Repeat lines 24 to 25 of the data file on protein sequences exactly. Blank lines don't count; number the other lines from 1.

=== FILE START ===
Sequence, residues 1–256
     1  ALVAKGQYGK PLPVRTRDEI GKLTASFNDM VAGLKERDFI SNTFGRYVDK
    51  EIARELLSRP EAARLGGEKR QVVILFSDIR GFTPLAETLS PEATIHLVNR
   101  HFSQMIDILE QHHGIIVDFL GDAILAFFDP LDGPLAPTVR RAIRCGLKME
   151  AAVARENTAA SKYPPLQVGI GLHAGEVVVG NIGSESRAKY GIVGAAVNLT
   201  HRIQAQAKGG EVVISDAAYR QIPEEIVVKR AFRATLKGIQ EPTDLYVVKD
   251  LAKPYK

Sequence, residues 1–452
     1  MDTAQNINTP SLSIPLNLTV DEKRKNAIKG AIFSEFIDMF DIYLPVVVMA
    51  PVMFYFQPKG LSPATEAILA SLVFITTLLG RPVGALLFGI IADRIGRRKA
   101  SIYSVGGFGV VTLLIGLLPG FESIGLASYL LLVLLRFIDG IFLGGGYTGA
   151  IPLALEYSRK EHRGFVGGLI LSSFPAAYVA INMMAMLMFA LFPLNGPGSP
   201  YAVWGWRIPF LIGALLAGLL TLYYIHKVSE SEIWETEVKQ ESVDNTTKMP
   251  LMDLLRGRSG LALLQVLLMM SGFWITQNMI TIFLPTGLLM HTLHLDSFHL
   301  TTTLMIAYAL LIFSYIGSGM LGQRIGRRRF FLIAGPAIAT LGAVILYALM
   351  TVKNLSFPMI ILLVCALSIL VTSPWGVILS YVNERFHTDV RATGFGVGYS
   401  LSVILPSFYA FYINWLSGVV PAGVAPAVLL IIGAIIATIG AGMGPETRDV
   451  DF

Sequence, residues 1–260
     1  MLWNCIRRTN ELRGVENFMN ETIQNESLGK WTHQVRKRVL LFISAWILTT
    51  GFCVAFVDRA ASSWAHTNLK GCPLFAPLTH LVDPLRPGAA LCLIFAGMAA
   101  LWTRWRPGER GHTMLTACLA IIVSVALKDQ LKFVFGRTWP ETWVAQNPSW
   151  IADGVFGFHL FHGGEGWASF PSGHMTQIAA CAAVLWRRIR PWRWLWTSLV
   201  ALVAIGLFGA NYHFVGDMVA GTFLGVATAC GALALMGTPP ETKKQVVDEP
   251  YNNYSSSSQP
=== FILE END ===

   201  ALVAIGLFGA NYHFVGDMVA GTFLGVATAC GALALMGTPP ETKKQVVDEP
   251  YNNYSSSSQP